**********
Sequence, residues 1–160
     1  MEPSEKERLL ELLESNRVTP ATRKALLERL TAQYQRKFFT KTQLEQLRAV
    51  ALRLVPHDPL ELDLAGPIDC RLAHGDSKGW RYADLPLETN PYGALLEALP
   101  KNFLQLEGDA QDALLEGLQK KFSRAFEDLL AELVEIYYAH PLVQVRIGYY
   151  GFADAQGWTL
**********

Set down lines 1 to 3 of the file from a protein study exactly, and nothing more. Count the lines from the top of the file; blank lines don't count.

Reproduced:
Sequence, residues 1–160
     1  MEPSEKERLL ELLESNRVTP ATRKALLERL TAQYQRKFFT KTQLEQLRAV
    51  ALRLVPHDPL ELDLAGPIDC RLAHGDSKGW RYADLPLETN PYGALLEALP